Atoning for past and present sins on the path to universalism

The COVID-19 pandemic undoubtedly exposes the inadequacies of existing social policy systems in developing countries and the urgent need of moving towards more genuinely universalistic systems. Ecuador is exemplary given that it has until recently been celebrated as a New Left social model even while its national health system has remained deeply segregated and increasingly commodified.

However, while the IMF and other IFIs have emphasised the importance of placing health expenditures in developing countries at the top of the priority list in the context of the COVID-19 pandemic [12], they have not acknowledged their own continuing roles in undermining these priorities. Indeed, their messaging is often contradictory, given that both the IMF and the World Bank have also repeatedly insisted that developing countries must persist with ‘structural reforms’ during and after the pandemic [13] [14]. In other words, there is no evidence that the course has been reset. As one way to induce a reset, it is important that they acknowledge the roles they have played and continue to play in undermining public health systems and universalistic social policy more generally, lest they continue to repeat them despite the switch to more noble rhetoric.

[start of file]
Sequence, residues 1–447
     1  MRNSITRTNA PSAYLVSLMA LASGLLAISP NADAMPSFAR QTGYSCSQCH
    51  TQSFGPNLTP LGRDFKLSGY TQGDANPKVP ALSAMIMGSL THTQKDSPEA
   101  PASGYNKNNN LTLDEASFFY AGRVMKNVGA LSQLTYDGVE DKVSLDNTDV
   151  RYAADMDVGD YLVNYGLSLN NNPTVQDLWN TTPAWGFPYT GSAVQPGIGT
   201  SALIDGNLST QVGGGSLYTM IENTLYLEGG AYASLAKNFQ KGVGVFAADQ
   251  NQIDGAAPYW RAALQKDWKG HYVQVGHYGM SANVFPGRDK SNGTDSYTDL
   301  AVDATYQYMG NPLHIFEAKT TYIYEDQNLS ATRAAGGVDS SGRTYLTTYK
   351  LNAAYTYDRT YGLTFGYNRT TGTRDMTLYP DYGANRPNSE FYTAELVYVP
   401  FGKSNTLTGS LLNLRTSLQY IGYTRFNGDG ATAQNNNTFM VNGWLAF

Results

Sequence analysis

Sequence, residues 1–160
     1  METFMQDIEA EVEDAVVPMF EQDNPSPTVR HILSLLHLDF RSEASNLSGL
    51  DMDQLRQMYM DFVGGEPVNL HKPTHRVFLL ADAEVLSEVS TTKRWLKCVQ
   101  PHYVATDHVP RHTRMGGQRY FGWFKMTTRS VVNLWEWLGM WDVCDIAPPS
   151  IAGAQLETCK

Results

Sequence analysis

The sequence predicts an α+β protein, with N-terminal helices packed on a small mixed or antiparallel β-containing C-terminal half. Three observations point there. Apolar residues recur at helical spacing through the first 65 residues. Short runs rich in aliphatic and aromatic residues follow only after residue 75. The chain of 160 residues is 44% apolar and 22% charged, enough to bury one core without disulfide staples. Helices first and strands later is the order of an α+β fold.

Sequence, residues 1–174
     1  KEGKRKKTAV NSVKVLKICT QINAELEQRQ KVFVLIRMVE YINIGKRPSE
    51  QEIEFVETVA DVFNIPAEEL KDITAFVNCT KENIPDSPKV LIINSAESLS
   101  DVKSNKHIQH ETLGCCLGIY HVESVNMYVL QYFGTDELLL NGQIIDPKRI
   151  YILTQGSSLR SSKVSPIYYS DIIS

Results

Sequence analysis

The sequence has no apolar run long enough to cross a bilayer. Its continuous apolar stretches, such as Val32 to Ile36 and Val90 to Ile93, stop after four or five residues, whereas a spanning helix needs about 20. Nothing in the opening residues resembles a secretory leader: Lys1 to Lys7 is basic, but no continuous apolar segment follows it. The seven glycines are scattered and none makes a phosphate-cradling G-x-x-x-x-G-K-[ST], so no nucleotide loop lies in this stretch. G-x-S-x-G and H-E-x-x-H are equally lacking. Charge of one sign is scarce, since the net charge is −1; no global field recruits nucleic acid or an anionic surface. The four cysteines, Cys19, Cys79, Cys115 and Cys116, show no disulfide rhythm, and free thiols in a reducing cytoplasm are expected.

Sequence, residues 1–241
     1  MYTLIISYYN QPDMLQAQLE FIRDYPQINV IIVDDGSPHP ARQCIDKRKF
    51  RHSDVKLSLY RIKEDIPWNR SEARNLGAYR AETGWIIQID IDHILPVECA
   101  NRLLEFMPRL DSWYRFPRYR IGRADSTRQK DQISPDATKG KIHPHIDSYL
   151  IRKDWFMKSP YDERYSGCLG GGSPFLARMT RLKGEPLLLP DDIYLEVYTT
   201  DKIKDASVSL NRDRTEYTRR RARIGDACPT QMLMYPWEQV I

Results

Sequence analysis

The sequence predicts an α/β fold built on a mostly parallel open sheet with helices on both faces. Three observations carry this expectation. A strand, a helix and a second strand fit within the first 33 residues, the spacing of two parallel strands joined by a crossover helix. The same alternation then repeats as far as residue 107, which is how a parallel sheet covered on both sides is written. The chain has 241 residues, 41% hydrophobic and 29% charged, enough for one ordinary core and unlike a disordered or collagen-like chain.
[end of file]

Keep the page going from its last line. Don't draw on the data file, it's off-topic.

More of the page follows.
Sources:
[1] http://cdes.org.ec/web/wp-content/uploads/2016/01/privatizaci%C3%B3n-salud.pdf
[2] https://www.thelancet.com/journals/lancet/article/PIIS0140-6736(19)30841-4/fulltext